With the induction of a democratic government in Pakistan following the 2008 elections, the process gained momentum and the two sides took important initiatives to promote bilateral trade, economic cooperation and regional connectivity through multilateral frameworks. In June 2009, President Asif Ali Zardari participated in the SCO Summit in Yaketerinburg and met the then Russian President Dmitry Medvedev. The Russian leader was reported to have expressed a strong desire to develop closer relations with Pakistan in all important areas, including defence, investment and energy. According to some sources, Pakistan and Russia were contemplating entering into a commercial defence agreement enabling Pakistan to purchase Russian arms and weapons.

There is vast potential for the growth of bilateral cooperation between Pakistan and Russia in a wide range of areas. Since the two sides have shown a keen desire to explore new areas and strengthen already existing cooperation in multiple fields, the coming years if not months are certain to witness an expansion of cooperation between the two countries. The areas of energy, regional connectivity, infrastructure and trade are going to be the focus of these endeavours.

However, while discussing the future prospects of Pakistan-Russia cooperation in economic and other non-political areas, the political and strategic fallout of the newly-found Russia-Pakistan friendship should also be taken into consideration, particularly by Pakistan, which has to date followed a foreign policy based on a narrow regional and global perspective.

Russia, which is a successor state to a former superpower, has its own worldview. For example, despite the establishment of a strategic partnership between India and the United States symbolised by their deal on civil nuclear cooperation, and robust Sino-India trade and economic relations, Moscow still values New Delhi as a close friend and Russian relations with Pakistan will not be at the cost of the former’s relations with India. As a big stakeholder in peace and tranquillity in South Asia, the growth of the Pakistan-Russia relationship will be a further incentive for Pakistan to pursue peace and normalisation with its eastern neighbour.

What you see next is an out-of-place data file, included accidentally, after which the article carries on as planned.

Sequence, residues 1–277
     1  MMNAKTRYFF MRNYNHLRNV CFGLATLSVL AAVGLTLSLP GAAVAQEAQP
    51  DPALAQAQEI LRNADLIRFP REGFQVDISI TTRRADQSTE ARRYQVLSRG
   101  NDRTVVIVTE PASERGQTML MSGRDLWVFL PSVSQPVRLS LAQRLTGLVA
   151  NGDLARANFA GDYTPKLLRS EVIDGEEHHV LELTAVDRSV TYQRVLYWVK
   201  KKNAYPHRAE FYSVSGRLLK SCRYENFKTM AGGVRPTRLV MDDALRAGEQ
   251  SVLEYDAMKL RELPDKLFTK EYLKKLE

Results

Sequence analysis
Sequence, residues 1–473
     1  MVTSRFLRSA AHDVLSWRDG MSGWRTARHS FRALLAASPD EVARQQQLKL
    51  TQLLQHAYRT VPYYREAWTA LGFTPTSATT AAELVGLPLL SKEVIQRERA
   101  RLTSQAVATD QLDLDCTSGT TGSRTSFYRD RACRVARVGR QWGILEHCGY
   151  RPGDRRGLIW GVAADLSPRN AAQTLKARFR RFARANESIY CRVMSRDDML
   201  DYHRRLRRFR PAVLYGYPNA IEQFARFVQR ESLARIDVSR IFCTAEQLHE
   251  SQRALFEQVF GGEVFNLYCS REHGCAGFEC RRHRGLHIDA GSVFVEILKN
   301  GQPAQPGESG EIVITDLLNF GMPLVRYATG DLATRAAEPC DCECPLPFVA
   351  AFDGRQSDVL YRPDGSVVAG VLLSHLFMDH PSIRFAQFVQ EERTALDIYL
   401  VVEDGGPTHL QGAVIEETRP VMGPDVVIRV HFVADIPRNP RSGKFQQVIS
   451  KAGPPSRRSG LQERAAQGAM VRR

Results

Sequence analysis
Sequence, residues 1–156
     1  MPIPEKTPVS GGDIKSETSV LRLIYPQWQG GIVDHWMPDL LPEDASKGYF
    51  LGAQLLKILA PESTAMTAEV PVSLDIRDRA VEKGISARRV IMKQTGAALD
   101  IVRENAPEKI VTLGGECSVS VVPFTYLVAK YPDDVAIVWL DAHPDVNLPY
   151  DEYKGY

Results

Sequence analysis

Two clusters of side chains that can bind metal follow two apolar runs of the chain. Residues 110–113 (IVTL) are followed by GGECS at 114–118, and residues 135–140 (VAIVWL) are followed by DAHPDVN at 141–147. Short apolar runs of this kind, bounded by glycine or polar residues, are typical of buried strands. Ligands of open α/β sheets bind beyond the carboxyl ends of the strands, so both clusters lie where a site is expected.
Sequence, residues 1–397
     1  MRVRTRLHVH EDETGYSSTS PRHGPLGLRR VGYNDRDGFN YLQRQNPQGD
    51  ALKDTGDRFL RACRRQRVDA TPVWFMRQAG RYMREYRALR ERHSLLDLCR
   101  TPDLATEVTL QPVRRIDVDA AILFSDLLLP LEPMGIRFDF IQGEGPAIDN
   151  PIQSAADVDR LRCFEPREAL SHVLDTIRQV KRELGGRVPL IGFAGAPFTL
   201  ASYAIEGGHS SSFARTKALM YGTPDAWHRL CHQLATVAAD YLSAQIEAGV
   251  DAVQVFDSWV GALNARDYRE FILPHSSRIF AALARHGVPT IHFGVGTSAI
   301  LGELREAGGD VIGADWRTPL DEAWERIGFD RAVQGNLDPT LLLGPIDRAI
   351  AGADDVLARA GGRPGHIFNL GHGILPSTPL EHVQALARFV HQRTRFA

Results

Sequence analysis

The Russians have their own perspective on issues relating to militancy, terrorism and regional peace and security. They are concerned about the prospects of Afghanistan again coming under the rule of the Taliban. Although, as the statement of the Russian foreign minister in Islamabad indicated, the Russians are opposed to the permanent military presence of the United States in Afghanistan; they are frightened on the prospects of NATO failure in Afghanistan as that would lead to serious anarchy and chaos in the country. This is why they are helping ISAF in Afghanistan by allowing their supplies through Russian territory. The Russians are also very worried about the security and law and order situation in Pakistan, particularly, the presence of a large number of foreign militants from Central Asia and Chechnya. During the meeting on the sidelines of the SCO summit at Yaketerinburg in June 2009 between President Zardari and President Medvedev, the latter was reported to have called for the elimination of safe havens of terrorists in Pakistan’s tribal areas.

The establishment of close contacts between the top leadership of Pakistan and Russia and the two sides’ readiness to open a new chapter in their relationship is not only in the interests of the two countries, it will also serve the interests of peace, security and regional integration in two of the world’s important regions of Central Asia and South Asia.

The writer is a professor of International Relations at Sargodha University